- The Robinson Nature Center is a great resource as it offers a children’s discovery room with activities and live aquatic animals and reptiles, interactive exhibits, a domed theatre, an outdoor play area, trails, and scheduled events. The cost is $5 per adult and $3 for children older than 3 (Wednesdays are no longer free).
- The Howard County Library System offers daily classes and events throughout its various branch locations, including the very popular Play Parters: stories, games, and activities for infant through 23 months.
- The MOMS Club and MOPS are both support groups for stay at home moms. The groups provide opportunities for regular meetings, play dates, and moms nights out with a small, consistent group of local moms who have young children. Both groups have local chapters in Howard County.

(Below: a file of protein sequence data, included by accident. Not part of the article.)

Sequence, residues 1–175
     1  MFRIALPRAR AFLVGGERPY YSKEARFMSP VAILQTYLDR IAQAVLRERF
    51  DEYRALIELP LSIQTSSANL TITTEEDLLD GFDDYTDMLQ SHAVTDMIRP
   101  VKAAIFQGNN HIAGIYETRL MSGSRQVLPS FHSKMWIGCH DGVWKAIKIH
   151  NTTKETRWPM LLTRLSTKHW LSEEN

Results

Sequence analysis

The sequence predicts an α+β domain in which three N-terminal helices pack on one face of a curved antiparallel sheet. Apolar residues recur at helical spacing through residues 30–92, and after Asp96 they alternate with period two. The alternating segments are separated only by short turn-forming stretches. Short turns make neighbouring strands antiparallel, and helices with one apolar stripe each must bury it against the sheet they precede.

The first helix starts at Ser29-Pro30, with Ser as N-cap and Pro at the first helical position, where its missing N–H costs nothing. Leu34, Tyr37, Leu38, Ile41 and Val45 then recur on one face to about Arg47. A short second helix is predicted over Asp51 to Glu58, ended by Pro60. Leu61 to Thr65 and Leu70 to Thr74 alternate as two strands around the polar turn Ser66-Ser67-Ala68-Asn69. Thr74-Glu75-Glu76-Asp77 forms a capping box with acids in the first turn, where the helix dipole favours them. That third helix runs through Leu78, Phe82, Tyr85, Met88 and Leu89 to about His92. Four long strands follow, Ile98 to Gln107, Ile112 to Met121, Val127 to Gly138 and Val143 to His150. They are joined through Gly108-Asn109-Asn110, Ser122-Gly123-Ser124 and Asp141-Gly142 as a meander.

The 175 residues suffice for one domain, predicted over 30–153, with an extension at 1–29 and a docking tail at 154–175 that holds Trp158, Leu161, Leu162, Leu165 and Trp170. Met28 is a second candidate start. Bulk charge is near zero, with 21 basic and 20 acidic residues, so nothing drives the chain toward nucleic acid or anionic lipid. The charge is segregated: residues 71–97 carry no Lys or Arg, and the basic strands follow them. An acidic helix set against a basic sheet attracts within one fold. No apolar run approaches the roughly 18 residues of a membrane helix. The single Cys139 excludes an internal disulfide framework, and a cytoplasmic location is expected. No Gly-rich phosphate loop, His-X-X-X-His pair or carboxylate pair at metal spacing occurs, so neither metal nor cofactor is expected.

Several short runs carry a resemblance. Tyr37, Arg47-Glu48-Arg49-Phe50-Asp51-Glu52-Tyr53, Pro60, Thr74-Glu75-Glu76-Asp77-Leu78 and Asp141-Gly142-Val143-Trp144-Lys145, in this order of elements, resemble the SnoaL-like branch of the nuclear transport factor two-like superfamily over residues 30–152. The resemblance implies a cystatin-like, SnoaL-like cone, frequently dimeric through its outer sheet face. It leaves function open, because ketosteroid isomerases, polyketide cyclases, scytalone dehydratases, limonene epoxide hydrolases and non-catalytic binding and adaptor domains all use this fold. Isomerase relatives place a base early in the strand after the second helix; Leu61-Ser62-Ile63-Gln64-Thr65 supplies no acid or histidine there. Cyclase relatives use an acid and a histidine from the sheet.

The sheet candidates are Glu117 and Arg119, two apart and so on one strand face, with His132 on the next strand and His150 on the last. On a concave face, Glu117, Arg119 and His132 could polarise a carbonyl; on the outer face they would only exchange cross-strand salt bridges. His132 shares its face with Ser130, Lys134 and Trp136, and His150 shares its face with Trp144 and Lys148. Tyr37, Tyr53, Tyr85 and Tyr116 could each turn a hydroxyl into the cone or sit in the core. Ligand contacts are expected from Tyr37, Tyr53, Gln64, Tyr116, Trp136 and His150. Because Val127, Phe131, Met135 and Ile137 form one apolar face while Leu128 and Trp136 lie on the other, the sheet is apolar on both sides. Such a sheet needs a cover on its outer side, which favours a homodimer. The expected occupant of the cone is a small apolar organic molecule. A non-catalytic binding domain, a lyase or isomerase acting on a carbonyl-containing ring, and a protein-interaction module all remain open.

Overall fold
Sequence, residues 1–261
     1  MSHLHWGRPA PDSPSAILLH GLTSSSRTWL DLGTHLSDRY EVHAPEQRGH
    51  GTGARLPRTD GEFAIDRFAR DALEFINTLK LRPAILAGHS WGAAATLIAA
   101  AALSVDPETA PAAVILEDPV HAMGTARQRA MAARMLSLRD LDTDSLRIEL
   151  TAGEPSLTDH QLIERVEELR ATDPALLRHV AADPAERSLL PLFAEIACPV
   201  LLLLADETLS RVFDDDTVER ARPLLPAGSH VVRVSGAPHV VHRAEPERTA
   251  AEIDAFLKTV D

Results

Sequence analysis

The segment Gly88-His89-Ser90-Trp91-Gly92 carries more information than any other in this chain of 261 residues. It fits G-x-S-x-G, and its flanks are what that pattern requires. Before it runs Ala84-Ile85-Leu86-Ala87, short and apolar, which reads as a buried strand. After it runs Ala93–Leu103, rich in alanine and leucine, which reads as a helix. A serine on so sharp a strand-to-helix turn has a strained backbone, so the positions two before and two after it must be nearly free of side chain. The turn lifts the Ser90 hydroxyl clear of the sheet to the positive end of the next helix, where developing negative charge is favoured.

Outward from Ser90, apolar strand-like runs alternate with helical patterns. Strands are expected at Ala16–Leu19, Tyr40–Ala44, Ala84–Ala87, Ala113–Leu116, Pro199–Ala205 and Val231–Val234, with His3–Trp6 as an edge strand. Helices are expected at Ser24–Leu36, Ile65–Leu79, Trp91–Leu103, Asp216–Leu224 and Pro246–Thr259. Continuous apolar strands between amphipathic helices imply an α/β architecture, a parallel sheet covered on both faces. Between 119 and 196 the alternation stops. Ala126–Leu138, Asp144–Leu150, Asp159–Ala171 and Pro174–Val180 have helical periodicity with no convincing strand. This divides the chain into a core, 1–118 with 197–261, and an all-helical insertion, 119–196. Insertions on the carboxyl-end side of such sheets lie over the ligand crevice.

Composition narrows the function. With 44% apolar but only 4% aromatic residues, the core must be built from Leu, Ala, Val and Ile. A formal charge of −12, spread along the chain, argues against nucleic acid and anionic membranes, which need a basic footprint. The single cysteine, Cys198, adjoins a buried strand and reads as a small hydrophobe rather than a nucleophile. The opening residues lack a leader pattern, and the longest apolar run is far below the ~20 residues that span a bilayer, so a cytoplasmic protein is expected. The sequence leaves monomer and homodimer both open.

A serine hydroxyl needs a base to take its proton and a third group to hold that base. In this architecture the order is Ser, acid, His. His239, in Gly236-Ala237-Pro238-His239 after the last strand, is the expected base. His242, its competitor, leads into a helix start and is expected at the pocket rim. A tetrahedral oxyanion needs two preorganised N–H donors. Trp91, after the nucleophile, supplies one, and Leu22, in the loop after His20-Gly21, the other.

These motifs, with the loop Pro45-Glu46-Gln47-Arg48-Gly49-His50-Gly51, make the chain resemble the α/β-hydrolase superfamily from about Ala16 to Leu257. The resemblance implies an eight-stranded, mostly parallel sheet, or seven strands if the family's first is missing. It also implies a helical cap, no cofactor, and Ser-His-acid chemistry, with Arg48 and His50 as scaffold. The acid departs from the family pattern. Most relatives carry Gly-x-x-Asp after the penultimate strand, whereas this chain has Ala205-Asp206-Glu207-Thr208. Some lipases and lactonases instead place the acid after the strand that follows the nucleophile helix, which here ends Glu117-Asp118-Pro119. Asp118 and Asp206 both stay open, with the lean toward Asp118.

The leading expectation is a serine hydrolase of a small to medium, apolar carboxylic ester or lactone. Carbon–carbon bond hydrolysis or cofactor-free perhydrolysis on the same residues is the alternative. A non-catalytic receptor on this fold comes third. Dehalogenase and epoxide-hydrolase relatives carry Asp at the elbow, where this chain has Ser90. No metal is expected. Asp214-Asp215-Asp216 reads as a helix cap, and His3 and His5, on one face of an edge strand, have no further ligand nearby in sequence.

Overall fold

So there it is, what I believe to be a stellar list of resources. Probably not every resource. I would love to hear more in the comments section of this post! After all, the point is to help and support each other on this crazy journey of parenting.